2014 NFL Draft stock report: Figuring out Johnny Manziel

Crystal LoGiudice-USA TODAY Spor

Is the book written on Johnny Football, and how will that impact his draft placement?

Make no mistake, the NFL will take notice of how Texas A&M quarterback Johnny Manziel struggled two consecutive years against LSU. Whether or not that dings his draft stock, we won't know until May.

Manziel is expected to enter the 2014 NFL Draft. At this point, everyone knows as much. But how much was he exposed against a single team? The LSU games showed that Manziel struggled against disguised or late blitzes. In last year's game, LSU's defensive ends played contain more.

"They came out and mixed a lot of things up and kept us guessing," Manziel told reporters after the game. "It really took us a while to figure it out."

By the time A&M had things figured out, LSU was killing too much clock in the second half and had too great of a lead to overcome.

The key for Manziel is to get completions early to suck defenders back in coverage allowing him to run the ball. Completing just 16 of 41 passes, Manziel missed his target a few times early, namely a deep out to star receiver Mike Evans. With Manziel's throws being off, that allowed LSU to keep its linebackers closer to the line of scrimmage.

It helps that LSU was able to match Manziel's athleticism – something that Alabama can't do, but NFL defenses can. Namely, junior defensive end Jermauria Rasco was able to get free and chase Manziel down.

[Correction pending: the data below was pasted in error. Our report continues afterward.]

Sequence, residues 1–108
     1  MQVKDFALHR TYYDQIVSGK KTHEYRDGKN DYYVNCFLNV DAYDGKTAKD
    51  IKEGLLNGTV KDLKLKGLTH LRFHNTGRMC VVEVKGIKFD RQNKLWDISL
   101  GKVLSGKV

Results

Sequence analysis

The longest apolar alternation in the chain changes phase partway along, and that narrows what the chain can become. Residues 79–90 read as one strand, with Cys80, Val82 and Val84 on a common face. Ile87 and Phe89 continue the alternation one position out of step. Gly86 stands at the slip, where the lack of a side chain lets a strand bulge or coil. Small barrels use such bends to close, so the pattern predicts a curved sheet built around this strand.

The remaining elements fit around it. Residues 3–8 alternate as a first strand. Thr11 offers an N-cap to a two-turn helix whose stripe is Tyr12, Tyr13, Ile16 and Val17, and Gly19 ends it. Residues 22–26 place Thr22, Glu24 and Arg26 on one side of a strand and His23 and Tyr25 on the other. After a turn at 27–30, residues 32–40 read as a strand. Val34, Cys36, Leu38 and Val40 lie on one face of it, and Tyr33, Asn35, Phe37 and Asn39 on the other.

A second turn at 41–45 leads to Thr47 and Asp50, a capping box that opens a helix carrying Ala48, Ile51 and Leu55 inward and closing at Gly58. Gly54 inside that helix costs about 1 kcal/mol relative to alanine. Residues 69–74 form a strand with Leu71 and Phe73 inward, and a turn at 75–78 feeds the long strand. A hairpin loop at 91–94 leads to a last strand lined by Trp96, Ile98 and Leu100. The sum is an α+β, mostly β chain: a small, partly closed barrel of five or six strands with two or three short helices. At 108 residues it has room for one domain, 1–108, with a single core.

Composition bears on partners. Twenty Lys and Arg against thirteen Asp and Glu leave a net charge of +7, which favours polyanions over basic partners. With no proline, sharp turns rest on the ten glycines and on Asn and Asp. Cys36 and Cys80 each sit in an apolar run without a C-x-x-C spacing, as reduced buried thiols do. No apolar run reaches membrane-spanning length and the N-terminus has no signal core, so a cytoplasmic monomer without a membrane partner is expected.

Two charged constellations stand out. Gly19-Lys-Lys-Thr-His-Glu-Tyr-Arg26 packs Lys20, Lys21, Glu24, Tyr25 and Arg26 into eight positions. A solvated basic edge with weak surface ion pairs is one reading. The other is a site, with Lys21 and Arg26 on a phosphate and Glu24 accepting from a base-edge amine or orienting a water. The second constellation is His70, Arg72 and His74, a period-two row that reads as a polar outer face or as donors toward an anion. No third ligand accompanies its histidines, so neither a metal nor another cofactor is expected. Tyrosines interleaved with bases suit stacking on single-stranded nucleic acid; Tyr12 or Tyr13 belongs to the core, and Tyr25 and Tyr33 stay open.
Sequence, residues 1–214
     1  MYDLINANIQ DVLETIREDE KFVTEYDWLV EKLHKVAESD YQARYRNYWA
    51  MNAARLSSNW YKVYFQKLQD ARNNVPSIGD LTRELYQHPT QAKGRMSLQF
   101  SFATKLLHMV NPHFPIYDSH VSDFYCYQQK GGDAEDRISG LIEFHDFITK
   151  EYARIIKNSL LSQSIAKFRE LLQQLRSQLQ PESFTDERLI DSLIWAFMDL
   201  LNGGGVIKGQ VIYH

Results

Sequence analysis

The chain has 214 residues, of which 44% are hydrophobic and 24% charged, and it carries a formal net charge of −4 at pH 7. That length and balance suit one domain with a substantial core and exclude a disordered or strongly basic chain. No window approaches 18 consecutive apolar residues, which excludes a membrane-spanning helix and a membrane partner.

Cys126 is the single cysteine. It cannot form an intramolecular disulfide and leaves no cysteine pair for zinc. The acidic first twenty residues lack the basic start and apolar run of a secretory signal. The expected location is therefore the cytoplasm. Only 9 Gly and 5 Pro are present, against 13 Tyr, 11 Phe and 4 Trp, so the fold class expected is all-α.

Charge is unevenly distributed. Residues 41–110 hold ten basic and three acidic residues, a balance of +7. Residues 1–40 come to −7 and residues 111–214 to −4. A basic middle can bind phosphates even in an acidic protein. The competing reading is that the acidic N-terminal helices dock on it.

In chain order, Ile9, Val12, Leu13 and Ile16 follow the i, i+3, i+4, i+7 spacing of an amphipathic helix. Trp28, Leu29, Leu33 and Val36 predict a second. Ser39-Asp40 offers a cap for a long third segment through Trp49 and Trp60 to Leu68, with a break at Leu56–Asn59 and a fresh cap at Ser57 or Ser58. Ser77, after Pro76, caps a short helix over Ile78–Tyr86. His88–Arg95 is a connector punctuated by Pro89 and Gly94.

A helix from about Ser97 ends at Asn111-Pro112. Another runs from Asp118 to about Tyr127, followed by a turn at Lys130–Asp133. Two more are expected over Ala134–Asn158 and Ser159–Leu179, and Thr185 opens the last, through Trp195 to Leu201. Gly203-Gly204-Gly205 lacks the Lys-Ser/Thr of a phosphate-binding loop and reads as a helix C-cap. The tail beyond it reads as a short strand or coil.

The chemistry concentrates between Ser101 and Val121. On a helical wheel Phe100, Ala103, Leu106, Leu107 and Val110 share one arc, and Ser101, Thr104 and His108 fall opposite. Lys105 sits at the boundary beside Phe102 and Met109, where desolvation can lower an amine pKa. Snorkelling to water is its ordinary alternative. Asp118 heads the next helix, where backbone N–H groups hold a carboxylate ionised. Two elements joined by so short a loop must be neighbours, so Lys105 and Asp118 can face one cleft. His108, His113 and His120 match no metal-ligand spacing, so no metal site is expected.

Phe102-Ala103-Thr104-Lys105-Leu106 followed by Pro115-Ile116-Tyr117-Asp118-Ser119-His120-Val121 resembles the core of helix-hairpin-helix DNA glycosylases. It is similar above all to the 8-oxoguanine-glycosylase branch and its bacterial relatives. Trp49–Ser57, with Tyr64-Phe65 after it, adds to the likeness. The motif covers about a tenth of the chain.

As he gets ready to go pro, the book on Manziel it out.

Stock up:

Ryan Shazier, OLB, Ohio State: Linebackers who don't rush the passer don't often get a lof of attention from the NFL Draft community. But give Shazier some credit for his performance against Indiana. He finished the game with 20 tackles, five tackles for loss, a sack and a forced fumble. The Butkus Award finalist, while athletic, isn't flashy. He's a workmanlike 4-3 outside linebacker who can stuff the run and drop into coverage. There should be a spot in the first round for a player like Shazier.

Tyler Lockett, WR, Kansas State: There is always room in the NFL for a wide receiver with speed. Lockett scorched Oklahoma for 278 yards and three scores, often by beating defensive backs over the top with pure speed. Lockett's hands may be somewhat average, but once he has the ball, he can beat almost anyone  to the end zone. At the worst, Lockett can be a fourth or fifth wide receiver on a roster and a special teams contributor.

Brandon Scherff, OT, Iowa: Defensive end Frank Clark got the better of Scherff a couple times, but the Iowa junior left tackle looked against Michigan. If there's an immediate comparison for Scherff, it's D.J. Fluker of the San Diego Chargers. Scherff isn't as big as Fluker, but they have a similar mauling blocking style. Scherff likes to get physical with defenders and drive them off the line. Iowa tight end C.J. Fiedorowicz should also get credit for a good game. He's criminally misused in Iowa's offense.